Parker had an excellent rookie campaign wirth the T-birds, with 17 goals and 39 points in 65 games in 2008-09, yet fell off the radar last season. But, if you follow the notion made famous by Meat Loaf "Two Outta Three Ain’t Bad" as the 19-year-old has done more good than bad in his 3 years in the league. The 5-foot-10, 195-pound right winger is a good skater, with a nice shot he can get off in full stride, has excellent offensive instincts and hockey sense, dishes the puck well, and reminds me a little of Michael Cammalleri with his overall make-up. With a lot of uncertainty among many of the players going into the 2011 NHL Draft, Jonathan Parker in my mind is well worth the risk.

These are all certainly good traits, but one has to recall that Parker was also older than most of his condition. The skating maybe good on it's own as is his shot; but the big questions is whether the other positives are truly his own or a function of where he's playing?   What is very interesting is noting that he had a good rookie season followed by a bad one in his draft eligible year.   I'm very glad Sallows brought it up as it may suggest he got passed over for just having a bad season as opposed to just not being good enough, not having the right potential, or something like that.

The second main article that describes Parker is this Prospect Watch article by Kyle Palantzas of The Hockey News.   It's got plenty of quotes that flesh out what about Parker has stood out beyond piling up a lot of goals and points in the 'W' last season.   Here are a few:

"He had a breakout year and regained his confidence from last season," said Raiders coach-GM Bruno Campese. "He was able to score so many goals because he’s got an NHL release and when he gets open and keeps his feet moving he can certainly find the net and that’s what he did all year."


"The kid is tough-as-nails and pound for pound he will take a beating to make the play," said former NHLer Joe Noris, who coached against all three California prospects. "There are not many guys who will take hits game-in and game-out and at some point I know someone is going to say, ‘Wow where did this kid come from?’ "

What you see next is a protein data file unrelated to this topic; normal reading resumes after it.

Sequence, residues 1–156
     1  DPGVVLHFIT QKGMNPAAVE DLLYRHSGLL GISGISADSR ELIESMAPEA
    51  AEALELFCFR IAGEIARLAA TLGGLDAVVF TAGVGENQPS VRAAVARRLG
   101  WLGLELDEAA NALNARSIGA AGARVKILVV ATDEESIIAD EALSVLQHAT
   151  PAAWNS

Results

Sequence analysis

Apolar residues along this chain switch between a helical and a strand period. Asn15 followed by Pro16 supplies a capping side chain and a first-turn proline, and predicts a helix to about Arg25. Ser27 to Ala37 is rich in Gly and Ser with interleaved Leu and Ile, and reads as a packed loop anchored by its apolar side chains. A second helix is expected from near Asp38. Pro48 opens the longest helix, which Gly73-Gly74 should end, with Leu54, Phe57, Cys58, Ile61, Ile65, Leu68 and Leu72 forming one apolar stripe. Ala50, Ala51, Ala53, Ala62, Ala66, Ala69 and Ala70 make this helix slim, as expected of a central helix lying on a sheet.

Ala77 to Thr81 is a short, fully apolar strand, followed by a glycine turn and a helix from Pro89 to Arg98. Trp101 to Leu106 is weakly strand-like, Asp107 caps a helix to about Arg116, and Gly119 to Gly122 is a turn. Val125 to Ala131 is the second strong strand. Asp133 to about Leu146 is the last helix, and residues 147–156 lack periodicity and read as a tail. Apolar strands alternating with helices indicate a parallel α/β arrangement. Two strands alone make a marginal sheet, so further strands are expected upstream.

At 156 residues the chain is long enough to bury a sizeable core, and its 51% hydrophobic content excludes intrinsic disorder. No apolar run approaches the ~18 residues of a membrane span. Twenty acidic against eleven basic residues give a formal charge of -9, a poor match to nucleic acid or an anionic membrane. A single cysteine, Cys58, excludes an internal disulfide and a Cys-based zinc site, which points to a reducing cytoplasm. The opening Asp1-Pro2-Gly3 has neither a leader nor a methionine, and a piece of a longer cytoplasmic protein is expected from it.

The article specifically notes how good his shot is, which bodes well for Parker's future in hockey.  Having a good shot really does help.  Not that he's some kind of cannon, he'll make passes; but his actual shot seems to be a major plus.   That Noris noted his toughness will also help him in his forays into minor professional hockey since Parker is not a big forward.

At the same time, I'm left wanting. Can he play any defense?  Can his hockey sense and passing translate to the next level?  Is his skating good enough for the WHL or just plain good?  Most of all, and I have to come back to this, how much of his good work comes from his own development and how much of his performance stems from being older than most of his competition?

An Opinion of Sorts

I'm still struggling what to make of Jonathan Parker, as a prospect.     A part of me wants to say that he could very well be just a guy who got it together a year later than other prospects and could be worth a late pick.  Yet, if he's entering the minor professional ranks, then why spend a pick on him at all?  Just let him play out his first season or so in the ECHL, see if he develops, and then try to sign him as a free agent.  Instead, spend a late pick on a prospect who may be a long term project or something like that. 

It all really comes down to how one views the player.  I can't really say much as there  just not a lot out there on him in terms of an analysis.  Not even Kirk Luedeke has anything on Parker on either his 2011 or 2010 sites.  I can buy into his shot being a great trait and that his other offensive skills may be of similar substance.  I can agree that his poor 2009-10 pretty much undone his shot at being drafted in 2010; and that his 2010-11 wasn't just a breakout season, but also a redeeming one.   How much that can be separated from the fact that he is an older prospect will determine whether he gets drafted at all.   I have a feeling he might be a late selection to some team, but I don't know if that team should be New Jersey.

Your Take

Now that you've read what is out there about Jonathan Parker, I want to know what you think.  Do you care that he was passed over once in the draft?  Would you mind if he was selected late by the Devils, or do you think  they should pass on him? Lastly, did you see Parker  play in the wHL or know of any other good reports on him?  If so, then please share them in the comments along with other thoughts on Jonathan Parker.  Thanks for reading.